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If the defender defends against all attack cards in a round, they have won that round, and all cards played during that round are discarded to a waste pile. The defender becomes the new attacker for the next round, and both players draw new cards from the draw pile until they have six cards in their hand (or fewer if there are not enough cards left). If there are no more cards in the draw pile, then players do not replenish their hands.
If at any point during a round, the defender cannot or does not want to defend against an attack card, they have lost that round, and must take all cards played during that round and add them to their hand. The attacker remains the attacker for the next round, and does not draw any new cards. The player to their left becomes the new defender. The game continues until one player has no cards left in their hand, and is declared the winner. The last player with cards in their hand is the durak or "fool", and may be subject to some playful mockery or a minor forfeit.
The common variations and adaptations of дурак
There are many variations and adaptations of дурак, some of which are regional, some of which are personal, and some of which are invented on the spot. Here are some of the most common ones:
Podkidnoy durak (throw-in fool): This is the most common and standard version of дурак, as described above. It is also known as classic or original дурак.
Perekidnoy durak (transfer fool): This is a variation where the defender can transfer the attack to the next player by playing a card of the same rank as the attack card, instead of a higher card of the same suit or a trump. For example, if the attack card is a 10 of clubs, and clubs are not trumps, then the defender can play any other 10 (of any suit) to transfer the attack to the next player. The next player must then defend against the original attack card and any other cards played by the attacker. The defender can only transfer the attack if they have not yet defended against any cards in that round.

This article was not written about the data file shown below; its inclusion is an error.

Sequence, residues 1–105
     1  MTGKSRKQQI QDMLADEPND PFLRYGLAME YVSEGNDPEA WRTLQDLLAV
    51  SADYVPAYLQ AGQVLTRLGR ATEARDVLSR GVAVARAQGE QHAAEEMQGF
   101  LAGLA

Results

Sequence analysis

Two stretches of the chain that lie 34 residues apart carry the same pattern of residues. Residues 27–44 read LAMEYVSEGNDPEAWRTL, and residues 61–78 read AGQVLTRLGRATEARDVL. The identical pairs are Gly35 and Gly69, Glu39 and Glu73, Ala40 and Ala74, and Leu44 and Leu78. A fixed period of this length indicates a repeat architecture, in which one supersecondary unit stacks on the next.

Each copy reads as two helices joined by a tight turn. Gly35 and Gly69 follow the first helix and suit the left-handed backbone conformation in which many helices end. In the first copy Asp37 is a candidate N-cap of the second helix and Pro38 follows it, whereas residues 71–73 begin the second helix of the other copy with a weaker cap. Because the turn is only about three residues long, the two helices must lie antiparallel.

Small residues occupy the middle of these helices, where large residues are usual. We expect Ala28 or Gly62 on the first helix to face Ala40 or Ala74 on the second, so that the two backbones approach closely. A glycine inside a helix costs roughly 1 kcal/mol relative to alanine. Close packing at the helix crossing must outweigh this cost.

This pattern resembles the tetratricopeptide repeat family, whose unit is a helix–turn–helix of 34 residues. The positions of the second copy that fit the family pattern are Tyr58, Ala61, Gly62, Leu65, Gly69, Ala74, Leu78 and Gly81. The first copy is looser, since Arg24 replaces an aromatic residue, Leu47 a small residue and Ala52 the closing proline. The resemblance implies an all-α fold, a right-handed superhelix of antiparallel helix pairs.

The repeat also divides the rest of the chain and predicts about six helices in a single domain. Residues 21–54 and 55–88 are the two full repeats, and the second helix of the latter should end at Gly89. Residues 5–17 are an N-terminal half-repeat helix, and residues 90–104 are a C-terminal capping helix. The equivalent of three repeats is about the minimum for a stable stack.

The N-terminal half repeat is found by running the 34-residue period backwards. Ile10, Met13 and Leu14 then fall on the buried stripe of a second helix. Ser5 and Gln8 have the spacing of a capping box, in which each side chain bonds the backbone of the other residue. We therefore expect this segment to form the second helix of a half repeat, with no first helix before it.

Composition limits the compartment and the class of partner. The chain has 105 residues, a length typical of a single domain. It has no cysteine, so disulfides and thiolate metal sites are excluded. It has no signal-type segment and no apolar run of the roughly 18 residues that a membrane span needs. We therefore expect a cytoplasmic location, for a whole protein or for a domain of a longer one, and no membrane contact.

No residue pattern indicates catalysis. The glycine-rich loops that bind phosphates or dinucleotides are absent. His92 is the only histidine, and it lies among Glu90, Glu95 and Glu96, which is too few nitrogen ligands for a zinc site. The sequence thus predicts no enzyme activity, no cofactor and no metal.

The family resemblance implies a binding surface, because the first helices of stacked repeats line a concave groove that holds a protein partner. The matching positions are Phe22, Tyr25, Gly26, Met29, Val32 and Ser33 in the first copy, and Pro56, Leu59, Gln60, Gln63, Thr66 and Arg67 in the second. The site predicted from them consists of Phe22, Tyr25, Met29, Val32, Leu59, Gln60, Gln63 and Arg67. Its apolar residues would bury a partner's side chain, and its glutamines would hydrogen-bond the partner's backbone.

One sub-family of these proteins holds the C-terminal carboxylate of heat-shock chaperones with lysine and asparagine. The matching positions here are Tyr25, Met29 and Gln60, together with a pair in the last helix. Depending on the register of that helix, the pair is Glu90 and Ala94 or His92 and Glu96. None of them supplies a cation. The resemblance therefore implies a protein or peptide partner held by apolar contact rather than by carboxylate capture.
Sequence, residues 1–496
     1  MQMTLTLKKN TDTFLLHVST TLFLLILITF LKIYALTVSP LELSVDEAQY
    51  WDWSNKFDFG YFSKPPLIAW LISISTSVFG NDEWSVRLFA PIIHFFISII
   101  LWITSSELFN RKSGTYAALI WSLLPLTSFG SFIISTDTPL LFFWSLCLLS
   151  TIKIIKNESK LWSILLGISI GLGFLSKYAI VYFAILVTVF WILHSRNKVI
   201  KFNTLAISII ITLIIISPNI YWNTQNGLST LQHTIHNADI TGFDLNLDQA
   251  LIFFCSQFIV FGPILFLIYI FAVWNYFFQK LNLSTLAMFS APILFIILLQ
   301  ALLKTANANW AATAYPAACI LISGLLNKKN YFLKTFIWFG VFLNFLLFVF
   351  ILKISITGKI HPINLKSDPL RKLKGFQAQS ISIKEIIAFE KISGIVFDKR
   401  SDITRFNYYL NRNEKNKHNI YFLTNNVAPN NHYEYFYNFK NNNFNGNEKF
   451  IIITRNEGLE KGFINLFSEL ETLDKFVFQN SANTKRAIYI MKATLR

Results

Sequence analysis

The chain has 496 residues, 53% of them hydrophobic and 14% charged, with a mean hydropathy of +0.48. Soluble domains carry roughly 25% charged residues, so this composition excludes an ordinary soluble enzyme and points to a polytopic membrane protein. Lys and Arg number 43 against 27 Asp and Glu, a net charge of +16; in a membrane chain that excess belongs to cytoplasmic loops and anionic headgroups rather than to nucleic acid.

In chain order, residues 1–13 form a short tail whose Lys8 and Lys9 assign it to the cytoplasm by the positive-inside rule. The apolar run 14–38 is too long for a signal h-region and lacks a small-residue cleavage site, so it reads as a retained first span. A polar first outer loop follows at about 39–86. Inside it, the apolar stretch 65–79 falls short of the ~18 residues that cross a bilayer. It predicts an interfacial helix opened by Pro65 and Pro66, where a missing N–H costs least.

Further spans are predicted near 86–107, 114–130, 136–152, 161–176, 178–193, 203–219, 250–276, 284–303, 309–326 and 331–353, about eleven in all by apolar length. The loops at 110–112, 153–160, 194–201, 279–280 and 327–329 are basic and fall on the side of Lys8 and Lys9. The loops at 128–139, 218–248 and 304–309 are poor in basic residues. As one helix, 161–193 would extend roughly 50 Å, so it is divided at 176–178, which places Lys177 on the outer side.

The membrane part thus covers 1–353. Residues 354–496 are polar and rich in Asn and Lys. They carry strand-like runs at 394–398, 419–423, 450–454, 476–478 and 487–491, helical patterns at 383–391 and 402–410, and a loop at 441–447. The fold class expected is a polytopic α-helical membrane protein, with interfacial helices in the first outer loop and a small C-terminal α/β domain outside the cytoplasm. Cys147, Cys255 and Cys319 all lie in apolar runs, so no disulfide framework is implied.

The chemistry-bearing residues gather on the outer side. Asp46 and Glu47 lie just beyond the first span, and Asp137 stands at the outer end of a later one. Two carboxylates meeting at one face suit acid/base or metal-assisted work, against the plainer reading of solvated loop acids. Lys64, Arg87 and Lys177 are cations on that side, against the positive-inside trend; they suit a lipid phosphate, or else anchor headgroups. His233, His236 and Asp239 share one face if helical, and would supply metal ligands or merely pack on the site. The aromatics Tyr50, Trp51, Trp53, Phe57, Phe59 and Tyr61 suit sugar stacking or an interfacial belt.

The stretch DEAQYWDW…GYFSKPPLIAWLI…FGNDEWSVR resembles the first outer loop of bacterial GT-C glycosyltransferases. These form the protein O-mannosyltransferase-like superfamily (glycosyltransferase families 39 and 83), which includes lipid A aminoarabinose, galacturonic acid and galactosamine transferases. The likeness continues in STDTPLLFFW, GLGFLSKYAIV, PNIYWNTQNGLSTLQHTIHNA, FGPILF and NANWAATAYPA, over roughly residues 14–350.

Perevodnoy durak (translate fool): This is a variation where the defender can change the suit of the attack card by playing a card of the same rank as the attack card, but of a different suit. For example, if the attack card is a 10 of clubs, and clubs are not trumps, then the defender can play a 10 of hearts to change the suit of the attack to hearts. The attacker must then continue the attack with a higher card of hearts or a trump. The defender can only change the suit of the attack if they have not yet defended against any cards in that round.
Bespodkidnoy durak (without throw-ins fool): This is a variation where the attacker can only play one card per round, instead of up to six cards of the same rank as any of the cards already played. This makes the game simpler and faster, but also less strategic and fun.
Mizer durak (miser fool): This is a variation where the objective is reversed: instead of trying to get rid of all one's cards, one tries to keep as many cards as possible. The player who runs out of cards first is the durak or "fool", and the player who has the most cards left in their hand is the winner. This variation is usually played with a special rule that allows the attacker to play any card they want, regardless of the rank or suit of the previous cards played.
Prostoy durak (simple fool): This is a variation where there are no trumps, and all suits are equal. This makes the game more random and less skillful, but also more accessible and fair.
Team durak (team fool): This is a variation where players can form teams of two or more, and cooperate against the other teams. The teams can communicate with each other, and share cards and information. The game ends when one team has no cards left in their hands, and they are declared the winners. The team with the last player with cards in their hand is the durak or "fool".
The cultural significance and examples of дурак
дурак as a symbol of Russian humor and mentality
Дурак is more than just a card game; it is also a reflection of Russian humor and mentality. Russians love to joke about themselves and others, and often use дурак as a playful insult or a self-deprecating remark. For example, they might say "Я дурак, я не знаю" ("I am a fool, I don't know") to express ignorance or uncertainty, or "Ты дурак, ты не понимаешь" ("You are a fool, you don't un